Google Chrome: First Impressions

So as you may know, Google launched their own browser, Chrome (in Beta form) today. It was relatively quick to download and installation couldn’t have been simpler. The first big difference from other tab-enabled browsers is that the tabs appear at the top of the window, not below the address bar. There’s also no search bar as the address bar and search bar have been combined into what Google call the “omnibar”. If you just start typing keywords in the omnibar it will default to searching using whichever is the default search engine.

From a stability point of view, Google have made each tab a completely separate and isolated process with it’s own thread and memory, which means if something goes wrong in a tab, or it hangs, it doesn’t affect any of the other tabs or the browser. You can also easily drag the tabs away from the browser, as their own separate window, or drag and drop them to change their order. While dragging a tab it appears as a slightly transparent small window with the contents of that page. 

For developers the View Page source shows a colour coded view of the page source as well as offering you an element inspector – right clicking on any element of the page and selecting Insepct Element gives you an overview of the HTML element within the DOM as well as the associated style sheet information. The task manager (press SHIFT+ESC) shows you each tab, CPU time and allocated memory usage. You can also close any tab from there. 

One thing I noticed, which I didn’t like (which Firefox has as well) is that if you allow the browser to save passwords for various websites that they are accessible from the options page and allow you to view them as plaintext – serious security risk in my opinion if anyone accesses your machine while you’re not away (not a problem for me as I instinctivly lock my machine whenever I’m away from my desk).

Okay, I think that’s enough for now – if you want to have a look at a Screenshot Tour of Google’s Chrome browser go and take a look at the following post on Lifehacker’s website.

Want to try it out for yourself, go and download it now (remember it’s still in beta).


If you open up a new tab and you’ve visited other websites, like Amazon, and used their search functionality, you’ll notice that you can now search their site directly from the new tab page, without first going to the website, nice! 🙂 

The guys at Lifehacker have done a great job doing a speed and memory comparison between IE 8, Firefox 3 and Chrome – take a look and see the comparisons.

[UPDATE 4 September 2008]

For those of you who have been reading numerous posts about Chrome’s Terms Of Service (ToS) where you give up your right to any content you post and/or view through the Chrome browser: Google have updated Chrome’s ToS in this regard and you retain ownership of anything you post through the Chrome browser and they will not take any content and do with it as they please. (This was an “oversight” on their part as they simply used the ToS from Google Docs.)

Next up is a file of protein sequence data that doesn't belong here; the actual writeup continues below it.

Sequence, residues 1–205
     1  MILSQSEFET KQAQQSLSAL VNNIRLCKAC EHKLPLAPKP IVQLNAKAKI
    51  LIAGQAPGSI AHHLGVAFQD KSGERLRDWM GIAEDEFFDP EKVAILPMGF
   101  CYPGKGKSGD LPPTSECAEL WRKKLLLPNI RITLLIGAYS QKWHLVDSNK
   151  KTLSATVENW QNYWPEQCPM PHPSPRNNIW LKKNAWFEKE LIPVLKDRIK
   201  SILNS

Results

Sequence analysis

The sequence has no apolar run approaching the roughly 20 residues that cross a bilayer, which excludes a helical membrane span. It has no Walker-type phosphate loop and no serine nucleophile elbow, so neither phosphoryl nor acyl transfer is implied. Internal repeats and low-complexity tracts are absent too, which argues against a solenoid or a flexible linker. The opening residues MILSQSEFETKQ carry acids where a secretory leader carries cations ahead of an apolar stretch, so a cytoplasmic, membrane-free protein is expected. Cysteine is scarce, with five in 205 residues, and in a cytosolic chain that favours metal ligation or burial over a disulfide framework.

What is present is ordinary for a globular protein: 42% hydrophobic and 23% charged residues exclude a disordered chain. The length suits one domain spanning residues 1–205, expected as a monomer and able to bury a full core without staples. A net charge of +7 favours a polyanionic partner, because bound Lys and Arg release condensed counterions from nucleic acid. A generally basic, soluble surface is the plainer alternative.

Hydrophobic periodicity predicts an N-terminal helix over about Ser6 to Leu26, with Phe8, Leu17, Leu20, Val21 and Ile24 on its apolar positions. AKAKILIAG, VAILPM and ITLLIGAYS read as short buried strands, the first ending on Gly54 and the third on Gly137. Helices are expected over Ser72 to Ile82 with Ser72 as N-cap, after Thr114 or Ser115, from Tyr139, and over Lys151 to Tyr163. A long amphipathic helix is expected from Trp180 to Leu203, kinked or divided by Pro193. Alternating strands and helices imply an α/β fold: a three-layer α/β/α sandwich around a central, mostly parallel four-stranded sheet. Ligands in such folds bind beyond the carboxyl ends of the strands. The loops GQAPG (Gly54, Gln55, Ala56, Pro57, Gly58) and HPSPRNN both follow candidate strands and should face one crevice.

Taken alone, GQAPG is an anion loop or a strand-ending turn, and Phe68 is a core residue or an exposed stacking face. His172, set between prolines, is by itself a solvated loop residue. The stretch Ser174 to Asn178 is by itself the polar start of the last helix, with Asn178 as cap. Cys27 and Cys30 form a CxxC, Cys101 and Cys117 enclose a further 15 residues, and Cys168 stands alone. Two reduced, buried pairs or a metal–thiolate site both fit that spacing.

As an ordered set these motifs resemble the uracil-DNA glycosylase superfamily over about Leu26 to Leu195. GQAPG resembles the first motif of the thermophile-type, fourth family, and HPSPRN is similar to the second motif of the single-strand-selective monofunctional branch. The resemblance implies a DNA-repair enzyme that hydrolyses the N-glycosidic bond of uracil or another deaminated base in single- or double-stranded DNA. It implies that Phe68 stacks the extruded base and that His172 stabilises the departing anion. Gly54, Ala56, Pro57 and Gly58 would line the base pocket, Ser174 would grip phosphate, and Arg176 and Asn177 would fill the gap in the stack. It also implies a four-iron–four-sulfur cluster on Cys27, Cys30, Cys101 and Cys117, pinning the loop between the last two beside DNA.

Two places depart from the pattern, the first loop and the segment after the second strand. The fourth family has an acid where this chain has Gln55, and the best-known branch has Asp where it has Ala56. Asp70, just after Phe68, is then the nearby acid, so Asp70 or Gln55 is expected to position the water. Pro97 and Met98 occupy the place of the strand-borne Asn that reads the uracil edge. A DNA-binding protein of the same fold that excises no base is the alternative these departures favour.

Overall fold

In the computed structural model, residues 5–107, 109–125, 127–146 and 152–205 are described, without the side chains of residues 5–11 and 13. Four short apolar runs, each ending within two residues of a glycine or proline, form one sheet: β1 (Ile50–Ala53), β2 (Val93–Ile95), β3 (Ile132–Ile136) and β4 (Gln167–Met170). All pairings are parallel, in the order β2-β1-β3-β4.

9 Responses to “Google Chrome: First Impressions”

  1. Hey boet! What is this Blog business? You seem to have a lot of time on your hands? I will have to speak to David Jacobs and tell him that you don’t have that much work to do. 😉

    This looks interesting. I will have a play on the weekend.

    Have a good day.

  2. I have work to do, BTW, it’s called research and development 🙂

  3. Now .. now .. children, we must all play nicely. 😛

  4. Odds & Ends …

    A friend in the US did some testing and said Google Chrome uses the rendering engine which is shared by Apple’s Safari and, therefore, it has a Safari look and feel.

  5. despite the rumors, i’m finding Chrome’s speed to be inconsistent; it seems to alternate between going lightning fast and then hanging for no apparent reason…

  6. @koukla: correct, Chrome was built using Webkit, which was also used to build the Safari browser. This means that pages render the same in both browsers but they have a distinctly different look (the actual browser application) from one another 🙂

    @kingdom media: we tried it extensively in the office this morning testing various loads and the only two tabs (processes) I found that were a bit sluggish at times was 1) (surprised?) and 2) stats for nerds page showing all the processes and memory utilization which is expected. Remember also that the product is still only in beta.

    The separation of the tabs by running them in their own thread and utilizing their own memory space works really well. You can (through Windows Task Manager) kill one of the Chrome processes and you’ll see that tab “die” without crashing the rest of the tabs or the browser.

  7. If you like Chrome’s stripped down Web Inspector, you will love the original, full featured version in the WebKit nightlies. Cheers!

  8. […] on in September I told you about Google Chrome being launched and subsequent to that I gave you my first impressions regarding Google’s browser. Today I read on TechCrunch that Google Chrome, after nearly 3 […]

  9. […] Google entering the browser wars with their own web browser, Chrome.  Then next day, I gave you my first impressions. If my job didn’t require me to develop web sites in Internet Explorer and Firefox I’d […]

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